Brexit: Boris Johnson to speak to EU chief Ursula von der Leyen as trade talks continue

Boris Johnson will speak to European Commission President Ursula von der Leyen tonight as negotiations continue over a post-Brexit trade deal.

The prime minister will hold a phone call with Ms von der Leyen at 7pm UK time, with the two leaders to take stock of the current state of trade talks.

Discussions over the UK’s future relationship with the EU continued in Brussels on Thursday morning, with the two teams also having worked until late on Wednesday night.

The European Parliament has set a three-day deadline for a post-Brexit trade deal to be agreed, as it warned MEPs will not have time to ratify an agreement this year unless it is ready by Sunday night.

Meanwhile, MPs were sent home from parliament for the Christmas holidays on Thursday, with them not due to return to Westminster until 5 January.

However, Downing Street has said it could recall parliament from its Christmas recess as early as next week, should a trade deal be reached and need to be ratified before the end of the Brexit transition period on 31 December.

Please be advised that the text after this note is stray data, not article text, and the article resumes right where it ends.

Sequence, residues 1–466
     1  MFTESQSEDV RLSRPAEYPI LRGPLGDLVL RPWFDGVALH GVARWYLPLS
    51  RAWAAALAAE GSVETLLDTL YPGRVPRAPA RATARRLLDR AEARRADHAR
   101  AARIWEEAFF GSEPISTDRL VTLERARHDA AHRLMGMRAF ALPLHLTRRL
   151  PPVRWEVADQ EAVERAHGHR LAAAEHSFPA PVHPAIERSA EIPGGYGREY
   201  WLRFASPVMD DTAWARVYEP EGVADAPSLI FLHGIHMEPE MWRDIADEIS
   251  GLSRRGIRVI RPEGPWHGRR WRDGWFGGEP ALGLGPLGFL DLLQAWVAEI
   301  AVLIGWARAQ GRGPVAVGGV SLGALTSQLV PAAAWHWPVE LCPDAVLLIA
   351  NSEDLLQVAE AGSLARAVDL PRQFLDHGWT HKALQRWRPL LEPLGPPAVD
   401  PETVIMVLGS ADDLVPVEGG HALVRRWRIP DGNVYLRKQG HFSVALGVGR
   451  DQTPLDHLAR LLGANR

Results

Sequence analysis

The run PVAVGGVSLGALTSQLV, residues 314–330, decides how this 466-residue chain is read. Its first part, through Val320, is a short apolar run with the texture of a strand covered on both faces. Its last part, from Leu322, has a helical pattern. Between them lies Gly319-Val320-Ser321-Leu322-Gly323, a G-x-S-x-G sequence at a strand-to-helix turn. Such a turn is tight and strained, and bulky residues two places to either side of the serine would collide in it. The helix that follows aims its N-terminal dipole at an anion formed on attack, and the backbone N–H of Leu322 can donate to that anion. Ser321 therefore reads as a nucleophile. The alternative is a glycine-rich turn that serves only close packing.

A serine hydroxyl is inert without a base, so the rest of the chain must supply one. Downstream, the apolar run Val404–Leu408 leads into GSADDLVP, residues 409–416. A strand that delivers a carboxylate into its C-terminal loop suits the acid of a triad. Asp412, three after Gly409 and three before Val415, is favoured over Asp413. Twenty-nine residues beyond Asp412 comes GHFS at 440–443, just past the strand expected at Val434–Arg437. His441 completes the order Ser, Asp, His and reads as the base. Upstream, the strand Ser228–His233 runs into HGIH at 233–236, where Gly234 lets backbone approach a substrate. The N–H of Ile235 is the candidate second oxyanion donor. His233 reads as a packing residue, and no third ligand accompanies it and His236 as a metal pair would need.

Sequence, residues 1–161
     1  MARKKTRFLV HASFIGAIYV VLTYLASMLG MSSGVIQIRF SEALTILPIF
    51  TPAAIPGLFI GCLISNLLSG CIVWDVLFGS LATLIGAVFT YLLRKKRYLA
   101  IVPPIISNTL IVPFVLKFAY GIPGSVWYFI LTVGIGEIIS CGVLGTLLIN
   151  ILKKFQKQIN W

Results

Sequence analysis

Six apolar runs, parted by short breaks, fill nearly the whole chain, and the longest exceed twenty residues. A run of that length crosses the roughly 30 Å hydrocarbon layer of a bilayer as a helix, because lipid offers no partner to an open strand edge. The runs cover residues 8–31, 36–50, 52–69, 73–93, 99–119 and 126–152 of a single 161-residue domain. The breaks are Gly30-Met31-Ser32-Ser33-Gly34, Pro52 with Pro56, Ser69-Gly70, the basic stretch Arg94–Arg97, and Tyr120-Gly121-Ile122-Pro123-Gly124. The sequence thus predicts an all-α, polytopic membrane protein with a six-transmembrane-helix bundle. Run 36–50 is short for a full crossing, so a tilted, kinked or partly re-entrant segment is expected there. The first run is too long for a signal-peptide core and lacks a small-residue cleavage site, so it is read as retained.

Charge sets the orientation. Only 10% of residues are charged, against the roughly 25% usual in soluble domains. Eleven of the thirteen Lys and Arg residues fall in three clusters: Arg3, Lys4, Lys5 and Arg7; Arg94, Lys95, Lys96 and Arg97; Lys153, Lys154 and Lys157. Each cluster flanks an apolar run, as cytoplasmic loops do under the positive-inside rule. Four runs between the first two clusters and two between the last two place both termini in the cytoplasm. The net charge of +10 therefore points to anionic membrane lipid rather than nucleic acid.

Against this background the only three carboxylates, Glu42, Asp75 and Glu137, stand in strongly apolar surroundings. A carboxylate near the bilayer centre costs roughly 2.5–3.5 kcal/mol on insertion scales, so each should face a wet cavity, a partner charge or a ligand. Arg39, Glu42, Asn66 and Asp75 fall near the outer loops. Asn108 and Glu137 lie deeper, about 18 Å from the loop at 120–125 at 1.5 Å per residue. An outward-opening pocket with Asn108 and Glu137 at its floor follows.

Mr Johnson and Ms von der Leyen last spoke on Sunday morning, when they scrapped a deadline for making a decision on whether a Brexit trade deal would be possible and agreed to “go the extra mile” and continue negotiations.

Senior cabinet minister Michael Gove downplayed the prospects of a deal being struck when he appeared before a committee of MPs on Thursday afternoon.

He told the House of Commons’ Brexit Committee the “most likely outcome” was that the transition period would end without a deal in place.

“I think, regrettably, the chances are more likely that we won’t secure an agreement,” Mr Gove said.

“So at the moment less than 50%.”

He added that, although recent talks with the EU had made progress, “significant” differences still remain between the two sides.

“The process of negotiation has managed to narrow down areas of difference,” the Cabinet Office minister told MPs.

“It is certainly the case that there are fewer areas of difference now than there were in October or indeed July.”

Without a trade deal being in place at the end of the Brexit transition period in two weeks’ time, the EU and UK are likely to have to trade on World Trade Organisation rules from 1 January with tariffs imposed in both directions.

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